Five! Five videos! A-ha-ha — From 1971’s Yip-Yips to modern pop-culture nods to GoT, Stranger Things. Ani Bundel – Nov 9, 2019 2:00 pm UTC Enlarge / Counting through 50 years of Sesame Street.Sesame Workshop / Aurich LawsonHappy 50th birthday, Sesame Street. One of the most beloved American television series has changed a lot since…
Happy 50th birthday, Sesame Street. One of the most beloved American television series has changed a lot since premiering on November 9, 1969, but in fantastic news, one thing hasn’t: its core mission of teaching children and instilling in them a love of learning.
Even today, Sesame Street remains the leader in this department. In a modern world of Paw Patrol and Calliou, TV series aimed at the toddler-and-preschool set can feel less educational and more like reasons for parents to light their hair on fire. Shows like Doc McStuffins and Wallykazam! bring targeted lessons, but not to nearly as diverse an age group, and their singular focuses mean one is either focusing on literacy or science, not both.
There was nothing on television like Sesame Street when it premiered 50 years ago, and the truth is, there’s still nothing quite like it now. (That’s a big reason why it was such a valuable acquisition for HBO in 2015.) Throughout the years, the show has always been on the front lines of what’s important to teach children. And as some of the show’s greatest hits demonstrate, long before educational advocates began popularizing the STEM acronym (Science, Technology, Engineering, and Math), Sesame Street was already there with silly characters promoting serious lessons.
The “Yip-Yips,” a pair of blue and pink Martian explorers, were two of Sesame Street’s early characters. In their quest to figure out how things work, they would interact with different pieces of technology. Starting in 1971, they turned up to interact with devices children would need to learn how to use: telephones, clocks, radios, etc.
As technology moved on, the Yip-Yips began interacting with other devices, such as computers. In the year 2000, Sesame Street aired entire episodes focused on getting children comfortable with home PCs, and the Yip-Yips were there to help. As two of Sesame Street’s most memorable muppets (start yipping at someone between the ages of 25-50, they’ll hopefully know the reference immediately), that was only right.
Pinball Number Count
Before you can add, you must count. The Count has been preaching this gospel for five decades, but the most effective counting short the series ever did was this one. This animated segment had 12 versions, celebrating the numbers one through 12. With a funky earworm sung by The Pointer Sisters, it was the kind of thing that a kid could easily remember long after the TV turned off, later singing to themselves even if they hadn’t put the song’s words and the concept of counting together quite yet. It’s so memorable, modern pop music references it, such as the riff line on Janelle Monae’s “Many Moons.”
Around the same time as the Pinball segments, Sesame Street introduced “Monsterpiece Theater,” a spoof of the neighboring program Masterpiece Theater on PBS, which gained household name status back in the 1970s with the Emmy winning Upstairs Downstairs. The earliest clips were straight parodies of whatever was airing (“Me Claudius”) or classic films (“The 39 Stairs”). But these soon became shorts about math, a slightly surprising turn considering the host was not the Count, but “Alistair Cookie.”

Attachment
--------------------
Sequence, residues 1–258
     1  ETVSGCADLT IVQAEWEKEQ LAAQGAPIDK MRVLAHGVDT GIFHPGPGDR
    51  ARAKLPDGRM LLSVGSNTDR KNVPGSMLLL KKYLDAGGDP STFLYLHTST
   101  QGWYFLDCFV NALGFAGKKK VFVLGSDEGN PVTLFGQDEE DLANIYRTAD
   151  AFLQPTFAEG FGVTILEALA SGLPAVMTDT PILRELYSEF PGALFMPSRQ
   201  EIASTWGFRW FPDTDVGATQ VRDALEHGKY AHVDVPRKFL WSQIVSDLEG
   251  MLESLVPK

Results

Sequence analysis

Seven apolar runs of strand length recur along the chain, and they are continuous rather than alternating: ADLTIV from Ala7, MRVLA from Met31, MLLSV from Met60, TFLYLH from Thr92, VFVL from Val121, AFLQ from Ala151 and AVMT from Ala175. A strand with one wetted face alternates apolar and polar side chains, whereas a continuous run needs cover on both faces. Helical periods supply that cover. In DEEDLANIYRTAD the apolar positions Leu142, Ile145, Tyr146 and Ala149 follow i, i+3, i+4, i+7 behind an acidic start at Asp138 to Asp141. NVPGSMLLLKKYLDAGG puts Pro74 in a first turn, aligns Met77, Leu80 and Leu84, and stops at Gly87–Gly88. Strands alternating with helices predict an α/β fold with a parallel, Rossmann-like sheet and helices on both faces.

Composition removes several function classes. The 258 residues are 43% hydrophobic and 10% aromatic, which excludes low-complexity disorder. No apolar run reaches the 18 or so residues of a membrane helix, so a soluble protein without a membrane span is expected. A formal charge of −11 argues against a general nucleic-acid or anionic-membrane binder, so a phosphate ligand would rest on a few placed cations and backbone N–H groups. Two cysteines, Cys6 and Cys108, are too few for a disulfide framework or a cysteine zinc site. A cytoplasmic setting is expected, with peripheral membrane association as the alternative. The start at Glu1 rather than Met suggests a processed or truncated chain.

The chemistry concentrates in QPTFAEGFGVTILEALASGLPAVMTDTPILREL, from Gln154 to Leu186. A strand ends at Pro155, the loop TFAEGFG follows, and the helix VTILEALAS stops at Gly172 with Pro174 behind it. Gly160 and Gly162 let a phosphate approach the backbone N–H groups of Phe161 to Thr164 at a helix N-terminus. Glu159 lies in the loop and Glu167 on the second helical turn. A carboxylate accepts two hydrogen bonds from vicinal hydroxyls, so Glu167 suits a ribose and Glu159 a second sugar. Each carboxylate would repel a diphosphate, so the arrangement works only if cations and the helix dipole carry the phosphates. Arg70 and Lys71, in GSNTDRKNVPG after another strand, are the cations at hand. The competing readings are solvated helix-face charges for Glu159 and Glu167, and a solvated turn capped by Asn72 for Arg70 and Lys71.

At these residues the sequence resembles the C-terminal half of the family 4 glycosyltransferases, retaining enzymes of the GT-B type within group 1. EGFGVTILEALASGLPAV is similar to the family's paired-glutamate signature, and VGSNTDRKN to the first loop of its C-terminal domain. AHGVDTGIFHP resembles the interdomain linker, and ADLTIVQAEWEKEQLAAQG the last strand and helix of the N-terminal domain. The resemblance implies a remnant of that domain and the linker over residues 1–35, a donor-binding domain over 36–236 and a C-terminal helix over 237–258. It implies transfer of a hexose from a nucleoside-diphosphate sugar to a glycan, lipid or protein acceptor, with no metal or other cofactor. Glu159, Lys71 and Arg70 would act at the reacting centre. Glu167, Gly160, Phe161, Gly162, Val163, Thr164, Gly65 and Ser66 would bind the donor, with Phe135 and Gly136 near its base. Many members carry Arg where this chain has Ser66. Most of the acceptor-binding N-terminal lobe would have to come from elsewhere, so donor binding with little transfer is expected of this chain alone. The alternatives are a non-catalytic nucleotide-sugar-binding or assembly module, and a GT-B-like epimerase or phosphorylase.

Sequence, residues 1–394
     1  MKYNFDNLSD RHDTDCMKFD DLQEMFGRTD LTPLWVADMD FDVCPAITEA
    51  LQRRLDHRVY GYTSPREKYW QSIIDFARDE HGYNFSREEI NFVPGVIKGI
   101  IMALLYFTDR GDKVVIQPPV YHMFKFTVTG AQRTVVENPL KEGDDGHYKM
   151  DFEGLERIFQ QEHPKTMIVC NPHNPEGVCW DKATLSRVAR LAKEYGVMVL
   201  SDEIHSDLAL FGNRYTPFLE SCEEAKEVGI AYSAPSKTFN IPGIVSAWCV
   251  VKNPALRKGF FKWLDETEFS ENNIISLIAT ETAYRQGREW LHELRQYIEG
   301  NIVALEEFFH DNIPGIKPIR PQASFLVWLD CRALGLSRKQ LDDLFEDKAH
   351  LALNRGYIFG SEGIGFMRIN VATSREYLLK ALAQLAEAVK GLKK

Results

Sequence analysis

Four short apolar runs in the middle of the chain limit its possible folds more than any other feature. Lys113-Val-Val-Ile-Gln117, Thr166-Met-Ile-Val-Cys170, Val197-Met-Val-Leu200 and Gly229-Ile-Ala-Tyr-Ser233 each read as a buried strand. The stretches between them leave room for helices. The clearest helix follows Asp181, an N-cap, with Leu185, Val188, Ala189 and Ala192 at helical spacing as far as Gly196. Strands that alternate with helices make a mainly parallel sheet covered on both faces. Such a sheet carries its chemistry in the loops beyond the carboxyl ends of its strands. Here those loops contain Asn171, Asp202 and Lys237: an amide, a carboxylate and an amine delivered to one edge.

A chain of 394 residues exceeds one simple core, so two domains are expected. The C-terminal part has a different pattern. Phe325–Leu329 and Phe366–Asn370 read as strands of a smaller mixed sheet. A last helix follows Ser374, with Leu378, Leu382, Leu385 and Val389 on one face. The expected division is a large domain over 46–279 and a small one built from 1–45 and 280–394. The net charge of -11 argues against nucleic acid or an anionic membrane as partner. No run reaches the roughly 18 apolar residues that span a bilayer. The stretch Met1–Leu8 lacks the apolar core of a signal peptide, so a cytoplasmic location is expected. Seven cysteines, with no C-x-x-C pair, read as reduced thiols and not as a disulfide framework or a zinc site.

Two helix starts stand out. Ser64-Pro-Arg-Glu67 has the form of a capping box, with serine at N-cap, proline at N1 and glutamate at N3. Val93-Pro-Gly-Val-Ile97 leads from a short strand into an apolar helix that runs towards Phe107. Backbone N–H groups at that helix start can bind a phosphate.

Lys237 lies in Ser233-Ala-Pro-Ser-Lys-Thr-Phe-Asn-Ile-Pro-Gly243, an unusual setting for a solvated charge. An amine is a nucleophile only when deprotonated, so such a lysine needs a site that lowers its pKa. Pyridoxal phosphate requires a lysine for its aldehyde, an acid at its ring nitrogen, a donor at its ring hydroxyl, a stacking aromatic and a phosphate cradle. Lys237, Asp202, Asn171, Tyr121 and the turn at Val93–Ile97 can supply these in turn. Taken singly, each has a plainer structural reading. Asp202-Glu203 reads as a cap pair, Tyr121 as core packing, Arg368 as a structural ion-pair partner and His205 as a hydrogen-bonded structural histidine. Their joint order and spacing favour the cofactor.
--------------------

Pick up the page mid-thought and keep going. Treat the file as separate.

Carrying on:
He introduced such fare as “1 Flew Over The Cuckoo’s Nest,” “Hill Street Twos,” “Lethal Weapon 3” (complete with that film series’ stars), and “Gone With The Wind” (subtraction). Fans today know and love Sesame Street for recent parodies of prestige TV such as “Game of Chairs,” “Sharing Things,” or the ever-popular “Star S’mores,” all of which have millions of views on the official YouTube channel. “Monsterpiece Theater” is where the show got its start doing such work.
“Put Down The Duckie”
How does one teach holistic concepts like cause and effect problem-solving and “if this, then that”? It’s a hard concept for small kids to grasp, but the sooner they do, the easier it is to understand basic programming. It’s the part of STEM that doesn’t get mentioned in the acronym, but it’s probably one of the most important connections for kids to make.
It’s a difficult idea to teach in a three- to four-minute TV segment. Sesame Street not only figured it out, but the series did it with one of the show’s most memorable songs of the 1980s: the big-band Hoots The Owl-led song “Put Down The Duckie.” The chorus—“You gotta put down the duckie if you wanna play the saxophone”—isn’t just fun to sing, it’s an entire philosophy on reason that applies to many of life’s problems. It wound up being so popular that the show did a second, celebrity-heavy version for the 1988 “Sesame Street Special.” (Best part: the song still slaps all these years later.)
Prairie Dawn, Scientist
In the 1990s, Sesame Street became more conscious of inherent biases built into the original program, particularly its lack of leading female muppets. In response, it added the “Around the Corner” set, introduced muppets like Zoe and Natasha, and produced segments where female muppets hosted explicitly STEM-angled concepts. For the latter, they brought in long-running character Prairie Dawn to host segments that were first called “The Little Blonde Scientist Show.” Thankfully, they were rechristened “Prairie Dawn, Scientist” in subsequent sketches.
Like many of the ’90s and early ’00s additions, these didn’t necessarily bring a new spark to the show. Instead, they fit in perfectly with what was already there, just with a female muppet as the central figure (one who had been with the program since the beginning, in fact). No fanfare, no fuss. It’s just another funny segment, and it doesn’t make a big deal about the casual inclusion, so children watching wouldn’t think it remarkable, either.